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Oxidizing hydrogen in place of nitrite
Microorganisms are important drivers of Earth's nitrogen cycle. Many of the organisms responsible for mediating the reactions of one phase of nitrogen to another are thought to be ecologic specialists. Using a combination of genomic and experimental analyses, Koch et al. show that Nitrospira moscoviensis, a member of a widely distributed genus of nitrite-oxidizing bacteria, can oxidize hydrogen instead of nitrite to support growth when oxygen is present. Not only does this ecologic flexibility suggest a broader distribution of these organisms in natural settings, but they may be important in engineered environments as well.
Science, this issue p. 1052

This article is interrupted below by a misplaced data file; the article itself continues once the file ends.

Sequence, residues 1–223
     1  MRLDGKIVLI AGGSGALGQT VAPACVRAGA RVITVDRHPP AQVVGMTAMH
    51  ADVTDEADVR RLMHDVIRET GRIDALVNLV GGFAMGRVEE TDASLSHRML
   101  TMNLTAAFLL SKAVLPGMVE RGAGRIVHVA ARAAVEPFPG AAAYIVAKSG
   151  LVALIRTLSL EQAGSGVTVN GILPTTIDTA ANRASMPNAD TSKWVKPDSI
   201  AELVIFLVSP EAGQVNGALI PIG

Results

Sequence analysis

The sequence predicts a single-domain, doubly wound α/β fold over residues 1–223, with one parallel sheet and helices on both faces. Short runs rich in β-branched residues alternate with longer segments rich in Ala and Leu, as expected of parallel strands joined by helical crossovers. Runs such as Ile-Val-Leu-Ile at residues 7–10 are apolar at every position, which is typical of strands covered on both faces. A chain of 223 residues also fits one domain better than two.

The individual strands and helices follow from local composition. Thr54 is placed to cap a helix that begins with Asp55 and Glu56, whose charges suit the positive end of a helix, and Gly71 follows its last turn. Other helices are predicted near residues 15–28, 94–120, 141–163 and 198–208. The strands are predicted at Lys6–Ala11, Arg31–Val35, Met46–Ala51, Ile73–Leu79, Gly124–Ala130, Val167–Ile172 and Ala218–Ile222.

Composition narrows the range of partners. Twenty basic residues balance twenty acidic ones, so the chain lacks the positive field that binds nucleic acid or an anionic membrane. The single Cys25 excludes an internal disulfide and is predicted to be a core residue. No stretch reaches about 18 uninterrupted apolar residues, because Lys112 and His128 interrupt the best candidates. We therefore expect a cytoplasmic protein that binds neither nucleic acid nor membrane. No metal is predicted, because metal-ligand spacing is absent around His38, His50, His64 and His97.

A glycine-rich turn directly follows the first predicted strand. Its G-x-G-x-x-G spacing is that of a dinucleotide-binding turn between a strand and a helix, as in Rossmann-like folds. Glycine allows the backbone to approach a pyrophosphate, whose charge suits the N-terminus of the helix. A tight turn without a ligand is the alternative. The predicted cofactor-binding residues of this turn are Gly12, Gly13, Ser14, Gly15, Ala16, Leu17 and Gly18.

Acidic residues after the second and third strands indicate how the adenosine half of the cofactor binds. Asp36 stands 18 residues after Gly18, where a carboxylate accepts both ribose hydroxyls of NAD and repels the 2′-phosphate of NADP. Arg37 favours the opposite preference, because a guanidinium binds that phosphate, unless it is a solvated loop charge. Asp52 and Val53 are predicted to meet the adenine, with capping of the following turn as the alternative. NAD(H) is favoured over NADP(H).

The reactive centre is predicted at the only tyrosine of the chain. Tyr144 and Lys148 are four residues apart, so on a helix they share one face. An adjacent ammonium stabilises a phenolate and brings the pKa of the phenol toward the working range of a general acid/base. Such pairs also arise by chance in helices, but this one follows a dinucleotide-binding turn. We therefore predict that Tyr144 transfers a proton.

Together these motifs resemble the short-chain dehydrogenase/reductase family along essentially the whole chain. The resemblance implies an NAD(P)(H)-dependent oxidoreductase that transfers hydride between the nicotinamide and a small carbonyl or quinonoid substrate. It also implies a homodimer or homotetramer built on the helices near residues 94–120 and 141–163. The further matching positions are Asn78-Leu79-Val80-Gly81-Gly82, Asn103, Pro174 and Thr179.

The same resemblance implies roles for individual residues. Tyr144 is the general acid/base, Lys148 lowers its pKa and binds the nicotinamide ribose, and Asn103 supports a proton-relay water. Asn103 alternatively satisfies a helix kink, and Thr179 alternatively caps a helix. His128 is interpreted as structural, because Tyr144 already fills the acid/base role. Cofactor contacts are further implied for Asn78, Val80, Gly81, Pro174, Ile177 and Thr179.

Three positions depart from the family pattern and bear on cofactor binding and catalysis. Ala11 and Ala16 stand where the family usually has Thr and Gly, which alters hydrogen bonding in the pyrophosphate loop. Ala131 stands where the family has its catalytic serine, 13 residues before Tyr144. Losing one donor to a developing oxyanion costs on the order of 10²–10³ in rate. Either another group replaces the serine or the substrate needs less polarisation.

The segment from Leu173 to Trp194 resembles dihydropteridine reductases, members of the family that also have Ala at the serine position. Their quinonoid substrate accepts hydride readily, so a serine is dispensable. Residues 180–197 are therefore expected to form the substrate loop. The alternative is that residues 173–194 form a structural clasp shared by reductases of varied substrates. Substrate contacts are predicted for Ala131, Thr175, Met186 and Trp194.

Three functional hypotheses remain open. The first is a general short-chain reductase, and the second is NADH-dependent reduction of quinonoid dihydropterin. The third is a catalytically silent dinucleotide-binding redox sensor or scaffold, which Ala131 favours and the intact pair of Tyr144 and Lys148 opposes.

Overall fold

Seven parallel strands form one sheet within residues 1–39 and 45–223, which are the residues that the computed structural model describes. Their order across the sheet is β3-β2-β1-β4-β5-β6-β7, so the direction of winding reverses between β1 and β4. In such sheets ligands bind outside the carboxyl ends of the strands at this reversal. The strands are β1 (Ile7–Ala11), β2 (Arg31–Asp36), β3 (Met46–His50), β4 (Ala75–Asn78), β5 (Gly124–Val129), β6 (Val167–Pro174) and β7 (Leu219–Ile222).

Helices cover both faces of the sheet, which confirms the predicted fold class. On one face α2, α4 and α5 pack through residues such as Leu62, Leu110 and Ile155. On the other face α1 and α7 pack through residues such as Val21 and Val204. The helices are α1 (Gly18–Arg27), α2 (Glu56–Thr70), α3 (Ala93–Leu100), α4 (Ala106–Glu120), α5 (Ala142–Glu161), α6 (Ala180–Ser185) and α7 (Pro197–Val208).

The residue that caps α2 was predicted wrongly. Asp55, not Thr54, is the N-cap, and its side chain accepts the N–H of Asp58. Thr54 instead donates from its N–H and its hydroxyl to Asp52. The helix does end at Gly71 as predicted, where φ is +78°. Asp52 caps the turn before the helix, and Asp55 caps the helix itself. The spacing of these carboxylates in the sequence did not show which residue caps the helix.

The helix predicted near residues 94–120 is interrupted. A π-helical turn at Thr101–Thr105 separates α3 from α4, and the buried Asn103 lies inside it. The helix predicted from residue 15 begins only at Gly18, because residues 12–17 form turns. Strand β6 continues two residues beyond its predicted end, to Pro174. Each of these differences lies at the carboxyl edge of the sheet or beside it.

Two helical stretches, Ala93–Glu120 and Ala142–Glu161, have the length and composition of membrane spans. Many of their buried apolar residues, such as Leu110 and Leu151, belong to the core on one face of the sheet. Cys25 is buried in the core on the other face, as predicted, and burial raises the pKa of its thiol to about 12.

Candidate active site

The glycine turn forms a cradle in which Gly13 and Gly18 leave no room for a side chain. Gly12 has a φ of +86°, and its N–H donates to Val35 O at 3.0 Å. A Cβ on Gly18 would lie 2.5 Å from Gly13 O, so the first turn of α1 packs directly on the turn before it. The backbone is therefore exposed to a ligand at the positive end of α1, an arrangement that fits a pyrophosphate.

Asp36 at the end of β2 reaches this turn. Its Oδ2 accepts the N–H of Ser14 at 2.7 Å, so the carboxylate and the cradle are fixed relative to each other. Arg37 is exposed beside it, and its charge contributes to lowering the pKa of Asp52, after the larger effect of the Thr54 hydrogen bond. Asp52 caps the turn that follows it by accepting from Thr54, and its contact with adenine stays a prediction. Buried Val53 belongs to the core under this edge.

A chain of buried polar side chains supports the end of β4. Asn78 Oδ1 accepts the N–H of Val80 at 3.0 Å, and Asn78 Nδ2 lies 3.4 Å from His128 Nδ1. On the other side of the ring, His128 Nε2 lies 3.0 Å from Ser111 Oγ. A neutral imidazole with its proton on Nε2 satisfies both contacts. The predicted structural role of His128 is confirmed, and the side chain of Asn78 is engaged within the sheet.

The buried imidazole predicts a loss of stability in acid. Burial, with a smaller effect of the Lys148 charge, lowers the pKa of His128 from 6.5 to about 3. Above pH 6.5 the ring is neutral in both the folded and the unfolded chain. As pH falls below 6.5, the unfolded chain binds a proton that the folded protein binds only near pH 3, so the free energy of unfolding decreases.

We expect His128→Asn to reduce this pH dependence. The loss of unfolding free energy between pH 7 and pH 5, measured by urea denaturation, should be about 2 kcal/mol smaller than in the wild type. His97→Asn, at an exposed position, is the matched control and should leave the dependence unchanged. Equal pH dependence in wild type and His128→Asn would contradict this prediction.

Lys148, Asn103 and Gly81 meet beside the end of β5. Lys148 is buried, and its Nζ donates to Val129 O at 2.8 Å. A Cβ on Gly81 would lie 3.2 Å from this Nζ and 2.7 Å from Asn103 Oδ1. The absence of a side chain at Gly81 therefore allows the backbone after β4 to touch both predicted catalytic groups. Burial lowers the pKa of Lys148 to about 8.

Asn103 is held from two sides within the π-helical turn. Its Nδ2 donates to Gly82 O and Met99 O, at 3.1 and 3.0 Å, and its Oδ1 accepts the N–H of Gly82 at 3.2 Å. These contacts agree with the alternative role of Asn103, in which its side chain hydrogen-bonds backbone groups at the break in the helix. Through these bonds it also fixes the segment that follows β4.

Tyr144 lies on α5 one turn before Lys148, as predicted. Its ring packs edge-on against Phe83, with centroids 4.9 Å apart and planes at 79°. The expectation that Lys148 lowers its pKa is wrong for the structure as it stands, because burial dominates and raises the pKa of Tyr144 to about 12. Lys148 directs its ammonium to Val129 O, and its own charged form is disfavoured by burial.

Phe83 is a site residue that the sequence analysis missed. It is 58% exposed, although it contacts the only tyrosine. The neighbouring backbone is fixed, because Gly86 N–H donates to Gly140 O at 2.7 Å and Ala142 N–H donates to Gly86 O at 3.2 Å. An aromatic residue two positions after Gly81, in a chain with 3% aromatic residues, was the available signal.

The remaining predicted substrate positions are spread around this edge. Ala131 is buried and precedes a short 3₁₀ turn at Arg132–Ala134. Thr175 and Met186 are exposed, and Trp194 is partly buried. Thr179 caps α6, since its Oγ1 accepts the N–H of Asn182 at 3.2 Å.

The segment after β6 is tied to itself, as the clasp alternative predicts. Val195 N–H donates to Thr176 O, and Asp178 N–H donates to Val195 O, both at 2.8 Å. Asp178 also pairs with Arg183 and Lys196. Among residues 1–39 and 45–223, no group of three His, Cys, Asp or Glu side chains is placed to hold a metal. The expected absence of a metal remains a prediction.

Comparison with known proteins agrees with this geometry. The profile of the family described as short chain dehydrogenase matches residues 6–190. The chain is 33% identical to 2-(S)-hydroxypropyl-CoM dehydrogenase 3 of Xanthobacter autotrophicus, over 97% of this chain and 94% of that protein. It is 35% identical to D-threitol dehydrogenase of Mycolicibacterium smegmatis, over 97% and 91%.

The bacterial oxidation of nitrite to nitrate is a key process of the biogeochemical nitrogen cycle. Nitrite-oxidizing bacteria are considered a highly specialized functional group, which depends on the supply of nitrite from other microorganisms and whose distribution strictly correlates with nitrification in the environment and in wastewater treatment plants. On the basis of genomics, physiological experiments, and single-cell analyses, we show that Nitrospira moscoviensis, which represents a widely distributed lineage of nitrite-oxidizing bacteria, has the genetic inventory to utilize hydrogen (H2) as an alternative energy source for aerobic respiration and grows on H2 without nitrite. CO2 fixation occurred with H2 as the sole electron donor. Our results demonstrate a chemolithoautotrophic lifestyle of nitrite-oxidizing bacteria outside the nitrogen cycle, suggesting greater ecological flexibility than previously assumed.